She didn’t see him again for quite a while, at least not in the street or through any windows. But he would come to her in her dreams, that face, so sad and lost. In her dream she would see him approach her and gently lay one hand on top of hers, before opening his mouth to say something. This was the point at which she would always wake up, with tears in her eyes, though she didn’t know why.
On one particular night, her friend Bonnie had gone back with her to her apartment, after a few drinks with some work colleagues, the pair decided to continue the party for the night. Grabbing a bottle of wine and glasses from the kitchen, Holly happened to turn around and glance at the window above the kitchen sink, and screamed in surprise, dropping the wine and glasses, sending them into a clattering embrace on the tile floor. He was there. Before Bonnie had time to ask what had happened, Holly was sprinting out of the back door and round to the front of the house. Leaning over the front gate, and apparently in some pain, was the old man. Rain was pouring over his face and seeping into the lines around his eyes. With the wind rushing past her and the rain sticking her hair to her face, Holly yelled, ‘What do you want from me?! Why do you keep following me?!’ He turned round, though it was an effort, and stood up to his full height, opened his mouth to speak, and then collapsed onto the path, with an uncomfortable crunch.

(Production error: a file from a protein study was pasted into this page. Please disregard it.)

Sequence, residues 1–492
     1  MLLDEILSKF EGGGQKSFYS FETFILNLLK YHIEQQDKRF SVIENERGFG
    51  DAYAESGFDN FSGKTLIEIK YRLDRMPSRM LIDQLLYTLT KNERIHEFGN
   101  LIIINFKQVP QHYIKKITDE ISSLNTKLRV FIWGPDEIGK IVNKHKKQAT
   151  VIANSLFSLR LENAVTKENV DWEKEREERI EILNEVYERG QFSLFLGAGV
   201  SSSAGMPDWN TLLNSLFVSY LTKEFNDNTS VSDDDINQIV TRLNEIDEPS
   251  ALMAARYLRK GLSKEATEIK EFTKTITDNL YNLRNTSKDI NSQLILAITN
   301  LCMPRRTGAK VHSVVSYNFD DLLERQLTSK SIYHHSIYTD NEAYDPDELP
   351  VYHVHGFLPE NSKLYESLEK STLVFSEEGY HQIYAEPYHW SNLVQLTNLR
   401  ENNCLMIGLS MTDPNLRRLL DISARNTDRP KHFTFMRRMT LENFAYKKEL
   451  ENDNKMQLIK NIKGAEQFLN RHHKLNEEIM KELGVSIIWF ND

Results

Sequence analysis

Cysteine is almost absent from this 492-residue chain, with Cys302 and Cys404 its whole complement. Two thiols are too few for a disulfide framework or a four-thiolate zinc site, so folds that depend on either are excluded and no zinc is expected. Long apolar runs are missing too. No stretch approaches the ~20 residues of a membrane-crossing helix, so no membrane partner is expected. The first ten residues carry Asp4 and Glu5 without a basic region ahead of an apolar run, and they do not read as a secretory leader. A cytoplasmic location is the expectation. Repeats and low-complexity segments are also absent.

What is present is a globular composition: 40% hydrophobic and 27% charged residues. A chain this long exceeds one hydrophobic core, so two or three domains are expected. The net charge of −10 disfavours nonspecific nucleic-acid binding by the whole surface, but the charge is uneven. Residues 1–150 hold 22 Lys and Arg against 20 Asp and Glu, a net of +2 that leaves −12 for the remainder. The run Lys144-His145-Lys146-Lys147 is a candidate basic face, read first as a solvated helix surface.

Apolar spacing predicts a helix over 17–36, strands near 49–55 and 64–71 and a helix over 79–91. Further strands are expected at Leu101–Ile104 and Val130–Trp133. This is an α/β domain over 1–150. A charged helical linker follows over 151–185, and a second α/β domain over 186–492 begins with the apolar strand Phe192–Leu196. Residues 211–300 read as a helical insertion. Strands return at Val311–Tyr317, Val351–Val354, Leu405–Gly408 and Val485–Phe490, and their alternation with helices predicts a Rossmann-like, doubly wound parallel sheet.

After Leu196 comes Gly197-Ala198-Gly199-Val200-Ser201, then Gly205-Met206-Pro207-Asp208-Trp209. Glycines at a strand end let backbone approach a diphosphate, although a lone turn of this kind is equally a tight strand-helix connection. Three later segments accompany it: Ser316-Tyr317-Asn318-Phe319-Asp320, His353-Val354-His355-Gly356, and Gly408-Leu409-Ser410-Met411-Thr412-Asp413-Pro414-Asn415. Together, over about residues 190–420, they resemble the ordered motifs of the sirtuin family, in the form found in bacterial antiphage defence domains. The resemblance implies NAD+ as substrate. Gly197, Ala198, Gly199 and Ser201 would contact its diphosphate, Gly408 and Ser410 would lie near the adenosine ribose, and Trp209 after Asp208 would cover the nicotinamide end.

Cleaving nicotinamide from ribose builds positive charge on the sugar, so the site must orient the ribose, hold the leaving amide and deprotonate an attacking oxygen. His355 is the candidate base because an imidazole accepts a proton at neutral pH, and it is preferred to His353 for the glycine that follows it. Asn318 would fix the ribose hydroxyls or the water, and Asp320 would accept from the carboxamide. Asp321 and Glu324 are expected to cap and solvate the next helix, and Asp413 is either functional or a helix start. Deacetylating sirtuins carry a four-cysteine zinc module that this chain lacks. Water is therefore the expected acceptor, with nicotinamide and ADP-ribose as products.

Cautiously, Holly approached the old man, with the rain forcing itself against her face. She gently placed two fingers on the side of his neck. Yes, he was still alive. ‘Bonnie…BONNIE!’, she yelled, as Bonnie skidded out onto the driveway. ‘What is it?!’, she stammered. ‘Call 911’, Holly answered, ‘Now!’.
They had been sitting in the hospital waiting room for over four hours and still hadn’t found out anything. The ambulance had arrived; minutes after they had rang, and loaded the man onto a stretcher. The two women had followed in Holly’s car and consequently, had been sipping cold coffee from Styrofoam cups for what seemed like an eternity.
Eventually, after another two hours of waiting, a doctor in blue scrubs and beads of sweat collecting at his brow approached them. ‘Which one of you is Holly?’, he asked. Holly stood up and faced him. He glanced her up and down and looks of puzzlement clouded over his face before he simply said, ‘Ok, follow me.’ She tottered behind him as they walked down hallways which all looked the same, and all had the same sickening sweet smell of illness and injury. He led her down a private wing with a single small room at the end. The doctor turned to face her and said, ‘He will see you now.’ Before Holly could ask any questions, the doctor had turned and walked back down the corridor.